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Football fans at the Qatar 2022 Fifa World Cup will be kept cool with the help of variable speed drives (VSDs) from ABB.

Qatar is undertaking a major building and refurbishment programme to put in place the stadia needed for the international tournament.

The Qatar 2022 Bid Committee asked Lancashire-based Desiccant Dryair Systems, a designer and manufacturer of bespoke desiccant-based dehumidification air handling units (AHUs), to provide the air-conditioning systems for the new stadium in Doha to reduce the air temperature from the 45C ambient often experienced in the country to a more comfortable level both in the stands and pitch areas for the spectators and players.

The air conditioning uses Qatar’s natural resource of the sun to provide high-pressure hot water for absorption chiller and electrical power through photovoltaic arrays.

The AHU passes the air to be dried and cooled through two slowly rotating wheels.

The first takes out moisture from the air via a silica gel desiccant, a chemical that attracts water.

This reduces the moisture content from 20g/kg to 10g/kg of air.

It then passes through the second sensible heat wheel, where cooling is recovered from the opposing airflow and trimmed to the required temperature by a sensible mechanical cooling coil with the chilled water from the absorption chiller where the supply fan delivers the air to the stands and pitch areas.

The opposing airflow is the return from the stadium and is already lower in temperature and moisture than the fresh air being introduced.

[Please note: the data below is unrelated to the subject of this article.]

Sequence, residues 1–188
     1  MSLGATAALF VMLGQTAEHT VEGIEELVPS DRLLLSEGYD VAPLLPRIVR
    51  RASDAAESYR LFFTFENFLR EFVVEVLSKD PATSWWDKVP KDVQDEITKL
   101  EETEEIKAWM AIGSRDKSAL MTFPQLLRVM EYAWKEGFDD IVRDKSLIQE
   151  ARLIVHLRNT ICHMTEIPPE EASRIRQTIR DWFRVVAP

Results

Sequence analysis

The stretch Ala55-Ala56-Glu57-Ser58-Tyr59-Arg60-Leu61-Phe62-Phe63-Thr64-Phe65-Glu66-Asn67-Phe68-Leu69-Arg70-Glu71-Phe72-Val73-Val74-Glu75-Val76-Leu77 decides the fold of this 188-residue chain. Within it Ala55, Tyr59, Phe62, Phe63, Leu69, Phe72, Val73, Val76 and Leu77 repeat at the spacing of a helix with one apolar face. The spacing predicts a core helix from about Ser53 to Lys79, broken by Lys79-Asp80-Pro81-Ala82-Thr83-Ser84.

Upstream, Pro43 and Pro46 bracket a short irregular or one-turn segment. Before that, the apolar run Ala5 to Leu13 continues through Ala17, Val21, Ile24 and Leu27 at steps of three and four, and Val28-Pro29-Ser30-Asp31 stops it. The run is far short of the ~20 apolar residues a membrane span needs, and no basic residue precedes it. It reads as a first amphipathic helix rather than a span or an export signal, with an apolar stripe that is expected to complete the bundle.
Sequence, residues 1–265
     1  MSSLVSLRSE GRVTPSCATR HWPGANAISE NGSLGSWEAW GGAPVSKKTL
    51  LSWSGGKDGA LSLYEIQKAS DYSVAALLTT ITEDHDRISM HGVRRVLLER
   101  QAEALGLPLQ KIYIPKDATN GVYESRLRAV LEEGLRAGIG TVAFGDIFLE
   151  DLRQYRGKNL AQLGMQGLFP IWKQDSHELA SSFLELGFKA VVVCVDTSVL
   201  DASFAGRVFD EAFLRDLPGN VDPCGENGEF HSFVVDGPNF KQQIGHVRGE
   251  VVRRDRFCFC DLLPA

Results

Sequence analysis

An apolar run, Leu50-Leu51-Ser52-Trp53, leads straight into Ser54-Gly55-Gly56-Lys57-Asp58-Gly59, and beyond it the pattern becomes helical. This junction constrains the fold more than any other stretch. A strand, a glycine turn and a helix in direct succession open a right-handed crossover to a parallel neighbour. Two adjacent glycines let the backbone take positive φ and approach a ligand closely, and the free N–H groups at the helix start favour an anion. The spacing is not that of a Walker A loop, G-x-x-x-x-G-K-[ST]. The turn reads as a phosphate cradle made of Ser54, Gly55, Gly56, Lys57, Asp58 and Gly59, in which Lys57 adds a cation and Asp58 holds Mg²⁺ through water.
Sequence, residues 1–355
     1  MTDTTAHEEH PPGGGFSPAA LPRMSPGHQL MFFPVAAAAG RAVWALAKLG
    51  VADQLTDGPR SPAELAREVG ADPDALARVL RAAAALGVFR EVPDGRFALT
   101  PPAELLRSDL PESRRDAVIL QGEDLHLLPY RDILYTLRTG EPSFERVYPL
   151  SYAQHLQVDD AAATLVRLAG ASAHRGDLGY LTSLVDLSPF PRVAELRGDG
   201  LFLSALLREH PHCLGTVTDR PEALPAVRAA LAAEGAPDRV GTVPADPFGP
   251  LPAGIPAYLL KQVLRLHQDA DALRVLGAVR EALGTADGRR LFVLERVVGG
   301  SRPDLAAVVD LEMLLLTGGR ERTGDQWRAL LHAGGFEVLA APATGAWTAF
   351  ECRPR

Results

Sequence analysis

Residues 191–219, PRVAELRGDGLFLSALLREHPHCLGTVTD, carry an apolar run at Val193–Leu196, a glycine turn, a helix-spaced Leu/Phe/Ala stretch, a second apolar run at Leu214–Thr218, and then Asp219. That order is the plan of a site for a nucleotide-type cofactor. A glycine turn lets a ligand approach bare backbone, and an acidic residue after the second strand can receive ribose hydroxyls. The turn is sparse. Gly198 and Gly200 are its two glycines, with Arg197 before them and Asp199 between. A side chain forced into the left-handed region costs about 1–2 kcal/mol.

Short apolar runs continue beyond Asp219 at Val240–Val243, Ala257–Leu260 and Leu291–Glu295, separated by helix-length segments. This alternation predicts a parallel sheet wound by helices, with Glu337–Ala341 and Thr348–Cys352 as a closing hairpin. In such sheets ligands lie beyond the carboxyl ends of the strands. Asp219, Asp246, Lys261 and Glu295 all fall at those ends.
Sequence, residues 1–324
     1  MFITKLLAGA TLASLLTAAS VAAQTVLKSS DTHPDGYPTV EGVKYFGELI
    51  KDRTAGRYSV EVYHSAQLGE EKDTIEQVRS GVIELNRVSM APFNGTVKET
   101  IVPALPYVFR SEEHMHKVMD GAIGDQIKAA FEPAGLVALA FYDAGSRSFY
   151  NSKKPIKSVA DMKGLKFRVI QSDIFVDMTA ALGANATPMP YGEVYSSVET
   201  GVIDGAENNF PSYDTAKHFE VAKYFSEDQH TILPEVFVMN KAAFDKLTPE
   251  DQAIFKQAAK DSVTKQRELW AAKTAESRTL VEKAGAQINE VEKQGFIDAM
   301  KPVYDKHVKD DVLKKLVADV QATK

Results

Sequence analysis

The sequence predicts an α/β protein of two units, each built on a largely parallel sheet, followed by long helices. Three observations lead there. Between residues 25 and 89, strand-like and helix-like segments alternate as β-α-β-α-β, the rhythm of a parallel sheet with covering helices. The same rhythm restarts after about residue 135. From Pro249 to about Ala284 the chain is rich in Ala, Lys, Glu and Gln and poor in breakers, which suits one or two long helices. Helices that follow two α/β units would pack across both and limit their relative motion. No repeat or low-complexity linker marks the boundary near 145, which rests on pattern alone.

On entering the machine, it passes through an evaporative cooler, which drops the air temperature to the wet bulb value, but it is saturated with moisture.

This then passes through the sensible heat wheel, but the wheel can only transfer the cooling effect, not the moisture.

This is how the cooling is achieved on the supply-air second wheel.

The water removed from the air by the desiccant wheel needs to be evaporated from the silica gel so that it can be exhausted to the outside of the building.

A regeneration process uses high-pressure hot water from the solar field to regenerate the wheel through a heating coil.

This water vapour is then removed from the building through the regeneration fan.

Each of the two units uses 10 ABB standard drives for heating, ventilation and air conditioning (HVAC), to control the rotors as well as the process and regeneration fans and other ancillary equipment.

The first rotor in the process revolves at an average speed of 12 revolutions per hour, while the second rotor revolves at 14 revolutions per minute, depending on the difference in air temperature between the two opposing airflows in the process.

The greater the differences in temperature, the faster the rotors spin, allowing them to recover more energy.

Temperature sensors feed signals to the ABB drives via the building management system (BMS), ensuring they drive the rotors and fans at an appropriate speed to suit the ambient conditions.

Another part of reducing the carbon footprint of the stadium is the photovoltaic system, which provides electrical power to the drives.

As the drives can alter their speed according to the demand, the drain on this supply is kept to a minimum.

Overall, the system uses 1MW of renewable energy, compared with the 1.3MW of conventionally generated energy used by a mains-powered system.

ABB Automation Tech – Drives and Motors

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